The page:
The latest World of Warcraft novel, Wolfheart, is now hitting bookstores everywhere. Focusing on a turf war between the Night Elves and the Orcs, the book sees the return of some much loved characters including Jarod Shadowsong and his sister Maiev, as well as a closer look into the mind of Varian Wrynn and his relationship with the Worgen of Gilneas. Last week, we sat down to talk to it's author, fantasy writer Richard A. Knaak about the writing process, what it's like to work with Blizzard's loremasters and how he feels about his losing one of his favourite characters.

Ten Ton Hammer: So how did you start about writing World of Warcraft books for Blizzard?

Richard A Knaak: In the beginning they actually approached me; I’d written several things in the past, including for a series called Dragonlance and they were very familiar with my work, especially The Legend of Huma. Apparently, several of the people at Blizzard had grown up reading my work and so, basically, I’d raised my own employers! They asked me if I’d be willing to do some novels in the worlds that they were working with, Warcraft and Diablo. I went and took a look at those worlds and they were so rich in depth and I was happy to do something in them. Ever since then we’ve had a really good experience with each other.

Ten Ton Hammer: Do you pitch an idea to them or do they come to you?

Richard: What happens is, usually, they will pick a subject that they want to write about that’s going to be important to the game and they’ll ask me if it’s something I’d be interested in and it usually is. They give me a notion of what they’re looking for and then I come back with a synopsis that expands on all of that. Then they go through it and will pick up on things that I’ve done and say “Yes, we want to expand on those.” They’ll also suggest other things which come up from what they’ve seen and this’ll go back and forth a few times until we hammer out a synopsis that we both feel very, very happy about. There are about three or four people who I normally deal with on that end, who are very good and dedicated to the storylines.

Ten Ton Hammer: Would you say Blizzard give you free reign then?

Richard: I would say for a work for hire situation, which is what this is, I’d say they give me very good reign. I always like to stay true to what they want and we have an excellent lore staff but things do get missed now and then, you can’t help that. But they try to be very careful with things and stay on top of it at all times. Sometimes there are changes which have to be made because the game has expanded so much from Orcs and Humans. Sometimes there are routes they want to go but didn’t realise they wanted to originally so we do what we can to make sure everything fits together and flows nicely.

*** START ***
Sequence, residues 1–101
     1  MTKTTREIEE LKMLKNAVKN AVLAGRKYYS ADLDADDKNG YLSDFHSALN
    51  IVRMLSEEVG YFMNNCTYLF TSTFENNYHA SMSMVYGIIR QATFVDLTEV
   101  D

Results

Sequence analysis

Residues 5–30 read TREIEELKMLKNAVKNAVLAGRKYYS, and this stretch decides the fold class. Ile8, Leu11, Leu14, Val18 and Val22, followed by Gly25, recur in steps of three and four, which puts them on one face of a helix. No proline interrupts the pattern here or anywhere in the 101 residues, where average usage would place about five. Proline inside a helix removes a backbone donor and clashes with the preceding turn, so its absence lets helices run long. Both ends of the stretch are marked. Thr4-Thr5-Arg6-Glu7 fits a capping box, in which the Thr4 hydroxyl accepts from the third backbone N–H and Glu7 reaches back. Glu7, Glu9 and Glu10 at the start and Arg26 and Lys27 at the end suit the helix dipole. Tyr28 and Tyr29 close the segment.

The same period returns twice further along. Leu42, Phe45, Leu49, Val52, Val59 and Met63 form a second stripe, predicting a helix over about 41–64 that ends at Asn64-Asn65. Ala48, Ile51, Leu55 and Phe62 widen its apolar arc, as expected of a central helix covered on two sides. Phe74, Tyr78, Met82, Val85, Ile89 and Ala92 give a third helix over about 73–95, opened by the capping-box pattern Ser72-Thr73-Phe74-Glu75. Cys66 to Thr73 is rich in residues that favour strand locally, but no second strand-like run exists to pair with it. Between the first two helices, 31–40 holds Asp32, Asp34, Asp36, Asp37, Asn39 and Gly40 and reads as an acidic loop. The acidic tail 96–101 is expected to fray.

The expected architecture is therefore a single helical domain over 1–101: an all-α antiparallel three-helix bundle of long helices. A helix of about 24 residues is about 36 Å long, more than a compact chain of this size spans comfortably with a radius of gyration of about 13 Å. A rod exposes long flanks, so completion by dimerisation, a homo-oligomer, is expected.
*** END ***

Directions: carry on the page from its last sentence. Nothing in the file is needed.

Ten Ton Hammer: So how long did it take you to write Wolfheart?

Richard: I’m usually working on a couple of different projects at the same time because, obviously, it’s going to take them quite a bit of time, especially when I have to pass things through them. If I had to condense it down, probably anywhere from four to eight months, while I’m working on other things at the same time. Then there’s the editing process that they do as well. Blizzard are very particular and they’ve actually found little things, even towards the end of the editing process. So, all the way to the very end we’re adjusting things and tweaking for people’s enjoyment.

Ten Ton Hammer: What’s your favourite part of Wolfheart?

Richard: There were several things Blizzard wanted to introduce in it and I was happy to do that because I like all the different directions that they wanted the story to have. I really liked working with Varian, I’ve followed him in the other storylines and he’s a very fascinating character. It was nice to be able to delve into him. I also liked working with the Horde because I play both sides in the game and these are not just black and white, it’s not a villains and heroes situation. Both sides have their points that they’re shooting for and need to find their place in the world but it makes for a better story that way. If there’s one personal favourite thing, it would have to be that I was able to bring back Jarod Shadowsong because I created him for War of the Ancients and he became a favourite of many people. Then he disappeared and I also wanted to know what had happened to him. I’m sure there are elements to his story over those ten thousand years or so that people are gonna learn eventually but I happy to bring him back.

Ten Ton Hammer: How do you feel about Krasus’ demise in Christie Golden’s Thrall: Twilight of the Aspects?

Richard: I am sorry to see him go, he was one of my favourite creations and Blizzard’s also. But I understand why they wanted to do it and the decision was in Blizzard’s hands. I respect that and I respect Christie had to do it. I must admit though, I would’ve liked to have done it myself but I’m not so selfish that I couldn’t seen how important it was to that storyline.

Ten Ton Hammer: You’re quite a keen player then?

Richard: I’m currently trying a Worgen Mage and seeing how he works out. I like Gilneas, that psuedo-Victorian look to it. I’ve been to England a few times and of the first books I read was the Sherlock Holmes stories so I always like to go back to that time period. Gilneas is one of my favourite starting points now.